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Individuals With Patellofemoral Pain Have Less Hip Flexibility Than Controls Regardless of Treatment Outcome

Hamstra-Wright, Karrie L. PhD, ATC; Earl-Boehm, Jennifer PhD, ATC; Bolgla, Lori PhD, PT, ATC; Emery, Carolyn PhD, BScPT; Ferber, Reed PhD, ATC

Clinical Journal of Sport Medicine: March 2017 - Volume 27 - Issue 2 - p 97–103
doi: 10.1097/JSM.0000000000000307
Original Research
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Objective: To examine differences in hip flexibility before and after a 6-week muscle strengthening program between those with patellofemoral pain (PFP) and healthy controls.

Design: Single-blind, multicentered, randomized controlled trial.

Setting: Four clinical research laboratories.

Subjects: Physically active individuals (199 PFP and 38 controls).

Interventions: Patellofemoral pain and control subjects were randomized into either a hip-focused or a knee-focused muscle strengthening treatment program.

Main Outcome Measures: Pain—visual analog scale (centimeter), function—Anterior Knee Pain Scale (points), flexibility—passive goniometry (degrees): hip adduction (HADD), hip external rotation (HER), hip internal rotation (HIR), total hip rotation (HROT), hip extension (HEXT) were measured before and after the muscle strengthening treatment program.

Results: Subjects with patellofemoral pain who successfully completed the treatment program (n = 153) had 65%, 25%, 18%, and 12% less HADD, HER, HROT, and HIR ranges of motion (ROMs), respectively, than controls (P < 0.05). Patellofemoral pain subjects who did not successfully complete the program (n = 41) had 134%, 31%, 22%, and 13% less HADD, HER, HROT, and HIR ROMs, respectively, than controls (P < 0.05). All subjects increased their HIR, HROT, and HEXT ROMs pretest to posttest (P < 0.05), but by less than 2 degree.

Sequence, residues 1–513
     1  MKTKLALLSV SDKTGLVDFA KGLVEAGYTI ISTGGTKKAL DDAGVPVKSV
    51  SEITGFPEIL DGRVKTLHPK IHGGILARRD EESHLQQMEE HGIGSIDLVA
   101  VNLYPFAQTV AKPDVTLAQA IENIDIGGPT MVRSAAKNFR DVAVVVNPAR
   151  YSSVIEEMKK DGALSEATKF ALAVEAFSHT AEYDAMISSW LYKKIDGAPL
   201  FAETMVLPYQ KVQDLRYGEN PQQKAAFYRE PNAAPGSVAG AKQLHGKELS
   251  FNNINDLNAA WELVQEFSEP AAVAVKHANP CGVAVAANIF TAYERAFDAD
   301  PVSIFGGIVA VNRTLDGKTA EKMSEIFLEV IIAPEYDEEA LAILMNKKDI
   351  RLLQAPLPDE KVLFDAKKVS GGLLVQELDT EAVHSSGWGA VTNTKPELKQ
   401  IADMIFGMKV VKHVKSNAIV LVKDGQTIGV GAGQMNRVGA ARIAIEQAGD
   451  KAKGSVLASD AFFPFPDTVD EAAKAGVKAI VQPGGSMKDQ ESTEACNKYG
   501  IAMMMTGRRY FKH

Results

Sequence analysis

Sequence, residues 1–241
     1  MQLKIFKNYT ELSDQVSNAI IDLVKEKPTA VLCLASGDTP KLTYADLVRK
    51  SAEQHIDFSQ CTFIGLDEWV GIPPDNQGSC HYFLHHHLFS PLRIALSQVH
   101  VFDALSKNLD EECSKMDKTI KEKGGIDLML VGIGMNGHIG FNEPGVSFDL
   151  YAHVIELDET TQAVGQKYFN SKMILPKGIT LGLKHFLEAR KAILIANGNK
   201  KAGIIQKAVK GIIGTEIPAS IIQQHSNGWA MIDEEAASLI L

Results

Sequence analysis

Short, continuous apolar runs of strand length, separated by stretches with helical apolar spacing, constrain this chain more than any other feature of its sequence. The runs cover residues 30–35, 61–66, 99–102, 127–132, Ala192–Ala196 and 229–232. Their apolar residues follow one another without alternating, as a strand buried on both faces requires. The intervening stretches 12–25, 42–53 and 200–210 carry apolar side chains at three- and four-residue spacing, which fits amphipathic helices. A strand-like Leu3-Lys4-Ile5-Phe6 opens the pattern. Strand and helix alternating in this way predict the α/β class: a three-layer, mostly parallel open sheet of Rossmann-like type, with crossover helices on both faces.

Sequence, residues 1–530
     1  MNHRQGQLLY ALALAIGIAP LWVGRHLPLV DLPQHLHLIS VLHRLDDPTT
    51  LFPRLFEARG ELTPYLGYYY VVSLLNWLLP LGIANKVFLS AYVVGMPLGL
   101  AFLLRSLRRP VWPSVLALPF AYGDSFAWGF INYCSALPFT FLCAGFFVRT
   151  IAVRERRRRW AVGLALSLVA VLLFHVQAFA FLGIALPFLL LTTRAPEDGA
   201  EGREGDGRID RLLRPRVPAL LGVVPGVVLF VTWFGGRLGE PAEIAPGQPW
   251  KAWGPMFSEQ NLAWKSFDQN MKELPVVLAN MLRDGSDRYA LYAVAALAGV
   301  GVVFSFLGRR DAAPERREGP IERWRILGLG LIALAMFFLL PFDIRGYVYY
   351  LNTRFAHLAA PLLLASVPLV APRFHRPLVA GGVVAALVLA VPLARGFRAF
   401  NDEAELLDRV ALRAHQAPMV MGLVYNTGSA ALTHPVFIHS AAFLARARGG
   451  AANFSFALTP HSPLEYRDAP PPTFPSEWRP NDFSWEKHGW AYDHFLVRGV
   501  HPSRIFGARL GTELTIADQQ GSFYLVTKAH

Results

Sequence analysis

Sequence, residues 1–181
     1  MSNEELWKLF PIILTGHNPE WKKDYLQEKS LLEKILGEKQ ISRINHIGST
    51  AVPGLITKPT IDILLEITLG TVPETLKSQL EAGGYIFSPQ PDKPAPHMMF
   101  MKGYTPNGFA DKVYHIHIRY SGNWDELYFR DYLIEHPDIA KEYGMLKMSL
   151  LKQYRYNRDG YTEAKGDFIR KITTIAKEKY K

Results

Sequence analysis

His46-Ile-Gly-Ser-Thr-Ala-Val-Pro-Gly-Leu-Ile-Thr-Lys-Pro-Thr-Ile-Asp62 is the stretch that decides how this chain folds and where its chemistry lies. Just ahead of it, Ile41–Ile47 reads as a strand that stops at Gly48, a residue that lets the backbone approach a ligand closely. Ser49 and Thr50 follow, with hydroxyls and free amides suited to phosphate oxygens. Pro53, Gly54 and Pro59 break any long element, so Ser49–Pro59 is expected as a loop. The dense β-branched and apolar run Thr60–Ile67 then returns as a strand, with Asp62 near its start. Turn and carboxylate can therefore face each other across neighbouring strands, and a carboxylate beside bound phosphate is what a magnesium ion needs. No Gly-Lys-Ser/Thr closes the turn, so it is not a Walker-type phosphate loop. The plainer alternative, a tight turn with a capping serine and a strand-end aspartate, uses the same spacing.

Conclusions: Individuals with PFP had less hip flexibility than controls regardless of treatment outcome or time. After the 6-week muscle strengthening program, and regardless of treatment success, PFP and control subjects experienced a small but clinically insignificant improvement in hip flexibility.

Clinical Relevance: Hip ROM should be considered as a targeted area of focus in a rehabilitation program for physically active individuals with PFP.

*Department of Kinesiology & Nutrition, University of Illinois at Chicago, Chicago, Illinois;

Department of Kinesiology: Integrated Health Care and Performance Unit, University of Wisconsin-Milwaukee, Milwaukee, Wisconsin;

Department of Physical Therapy, Georgia Regents University, Augusta, Georgia;

§Faculty of Kinesiology, University of Calgary, Calgary, Canada; and

Faculties of Kinesiology and Nursing, University of Calgary, Calgary, Canada.

Corresponding Author: Karrie L. Hamstra-Wright, PhD, ATC, Department of Kinesiology & Nutrition, University of Illinois at Chicago, 901 W. Roosevelt Rd., PEB 337, MC 194, Chicago, IL 60608 (khamst1@uic.edu).

Supported by the National Athletic Trainers' Association Research and Education Foundation through the Outcomes Grant Program (808OUT003R) and Alberta Innovates: Health Solutions (funded by the Alberta Heritage Foundation for Medical Research endowment fund).

The authors report no conflicts of interest.

Received July 22, 2015

Accepted January 02, 2016

Copyright © 2017 Wolters Kluwer Health, Inc. All rights reserved.